Blame it on Bon Jovi: For far longer than the taste police would approve, Jancee Dunn has been living large. Like really large.

I grew up in New Jersey in the '80s. That means one thing: big hair. I've always had natural curls, but as a teenager, that didn't stop me from getting twice-yearly perms—with the small rollers, please, for maximum frizz—and dousing my hair each morning with a typhoon of Aqua Net. It was simply how you did it in those days. I had big hair, my boyfriends had big hair, we all had big hair. Our prom looked like the poodle division of the Westminster dog show. To me, a massive coif went hand in hand with wild, spontaneous trips down the Shore and like every teenage girl within 50 miles, I also knew that it made your butt look smaller. Even now, in my mid-40s, though I resist the urge to mousse, my hair is still pretty big. (Recently, glancing at my long curls in the mirror, it occurred to me that they have something in common with Louis XIV's wig—which means my hair isn't just a relic from the '80s, it's a relic from the 1680s.) I know big hair looks peculiar—I know it—but for me it's a sweet relic of a time when I was oblivious to the world's taste police. And so even though I've said goodbye to miniskirts and tube tops and other youth-only fashions, when my stylist begs me to please let her chop my hair off, I hesitate. I remember the dumb exuberance of my teenage years, and all that reckless fun I had, and the knowledge that my whole life still lay ahead of me—and I tell her to give me the usual.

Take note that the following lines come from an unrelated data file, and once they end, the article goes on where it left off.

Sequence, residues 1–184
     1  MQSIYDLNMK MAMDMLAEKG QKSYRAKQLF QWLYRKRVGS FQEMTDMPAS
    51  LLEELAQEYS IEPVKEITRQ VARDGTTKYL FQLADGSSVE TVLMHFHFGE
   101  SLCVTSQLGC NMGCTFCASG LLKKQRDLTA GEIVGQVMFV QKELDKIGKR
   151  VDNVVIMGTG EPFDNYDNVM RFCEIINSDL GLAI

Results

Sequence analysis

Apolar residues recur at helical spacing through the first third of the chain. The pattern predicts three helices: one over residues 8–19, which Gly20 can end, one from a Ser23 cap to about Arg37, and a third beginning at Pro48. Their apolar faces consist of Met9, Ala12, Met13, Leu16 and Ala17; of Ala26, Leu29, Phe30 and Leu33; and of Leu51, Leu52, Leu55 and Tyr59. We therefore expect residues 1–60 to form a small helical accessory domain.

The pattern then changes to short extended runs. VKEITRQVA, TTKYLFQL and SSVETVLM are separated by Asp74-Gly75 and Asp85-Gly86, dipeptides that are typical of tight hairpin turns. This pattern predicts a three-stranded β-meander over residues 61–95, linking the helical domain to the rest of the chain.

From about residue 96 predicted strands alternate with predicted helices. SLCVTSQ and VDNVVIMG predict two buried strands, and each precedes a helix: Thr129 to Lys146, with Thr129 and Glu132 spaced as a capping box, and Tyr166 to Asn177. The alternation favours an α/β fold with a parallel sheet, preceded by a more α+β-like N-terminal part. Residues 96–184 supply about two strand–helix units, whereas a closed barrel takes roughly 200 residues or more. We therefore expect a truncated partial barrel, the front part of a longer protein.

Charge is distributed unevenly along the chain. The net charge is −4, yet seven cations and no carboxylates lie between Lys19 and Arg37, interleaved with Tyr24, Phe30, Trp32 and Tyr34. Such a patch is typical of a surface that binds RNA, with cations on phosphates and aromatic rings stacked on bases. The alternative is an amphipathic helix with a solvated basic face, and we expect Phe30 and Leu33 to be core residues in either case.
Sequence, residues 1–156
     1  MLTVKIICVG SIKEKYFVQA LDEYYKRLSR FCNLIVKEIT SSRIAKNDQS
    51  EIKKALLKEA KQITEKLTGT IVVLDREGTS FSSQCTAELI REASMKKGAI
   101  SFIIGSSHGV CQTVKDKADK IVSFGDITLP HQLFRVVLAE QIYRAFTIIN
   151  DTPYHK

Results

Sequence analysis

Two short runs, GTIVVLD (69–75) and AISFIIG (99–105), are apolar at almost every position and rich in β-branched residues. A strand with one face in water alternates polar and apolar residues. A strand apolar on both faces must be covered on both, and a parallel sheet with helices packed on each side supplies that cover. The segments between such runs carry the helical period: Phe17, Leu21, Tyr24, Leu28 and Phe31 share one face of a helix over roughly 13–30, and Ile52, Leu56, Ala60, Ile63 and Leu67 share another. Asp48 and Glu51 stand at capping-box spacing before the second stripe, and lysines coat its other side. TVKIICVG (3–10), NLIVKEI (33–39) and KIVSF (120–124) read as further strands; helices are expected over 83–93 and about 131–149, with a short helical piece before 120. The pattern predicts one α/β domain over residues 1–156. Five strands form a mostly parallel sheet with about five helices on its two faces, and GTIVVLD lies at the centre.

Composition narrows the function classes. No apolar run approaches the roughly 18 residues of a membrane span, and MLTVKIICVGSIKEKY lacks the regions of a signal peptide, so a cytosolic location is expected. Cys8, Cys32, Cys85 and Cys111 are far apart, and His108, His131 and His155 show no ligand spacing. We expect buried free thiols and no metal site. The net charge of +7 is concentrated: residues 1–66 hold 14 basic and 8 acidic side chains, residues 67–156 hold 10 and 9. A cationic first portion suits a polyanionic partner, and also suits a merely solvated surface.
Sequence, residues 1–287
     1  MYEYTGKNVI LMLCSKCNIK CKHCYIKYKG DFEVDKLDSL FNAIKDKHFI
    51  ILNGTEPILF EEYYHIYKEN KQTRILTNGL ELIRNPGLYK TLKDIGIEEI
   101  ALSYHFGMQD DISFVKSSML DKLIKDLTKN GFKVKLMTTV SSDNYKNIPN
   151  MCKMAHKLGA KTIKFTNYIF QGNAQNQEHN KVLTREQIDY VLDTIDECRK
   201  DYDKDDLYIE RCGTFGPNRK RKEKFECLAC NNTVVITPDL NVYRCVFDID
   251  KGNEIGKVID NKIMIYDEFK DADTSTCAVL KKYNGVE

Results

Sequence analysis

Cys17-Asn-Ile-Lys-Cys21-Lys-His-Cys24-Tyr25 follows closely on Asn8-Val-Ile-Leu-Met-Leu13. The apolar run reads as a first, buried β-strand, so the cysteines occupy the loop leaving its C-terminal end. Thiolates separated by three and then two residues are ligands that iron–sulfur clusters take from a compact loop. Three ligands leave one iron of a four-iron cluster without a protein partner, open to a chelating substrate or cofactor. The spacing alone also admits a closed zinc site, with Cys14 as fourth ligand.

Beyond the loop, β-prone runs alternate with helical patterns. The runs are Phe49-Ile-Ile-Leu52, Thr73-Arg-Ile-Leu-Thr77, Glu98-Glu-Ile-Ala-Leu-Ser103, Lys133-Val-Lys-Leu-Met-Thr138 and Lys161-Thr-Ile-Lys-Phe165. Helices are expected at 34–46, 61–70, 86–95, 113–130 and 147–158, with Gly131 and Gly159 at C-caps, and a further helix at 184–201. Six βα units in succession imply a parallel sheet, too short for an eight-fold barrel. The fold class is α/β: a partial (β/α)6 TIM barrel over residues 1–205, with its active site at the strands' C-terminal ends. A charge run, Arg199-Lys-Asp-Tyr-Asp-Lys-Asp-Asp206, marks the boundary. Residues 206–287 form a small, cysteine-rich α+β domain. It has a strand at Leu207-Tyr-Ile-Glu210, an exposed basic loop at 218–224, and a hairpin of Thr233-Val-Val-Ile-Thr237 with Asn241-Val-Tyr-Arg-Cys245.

Jancee Dunn

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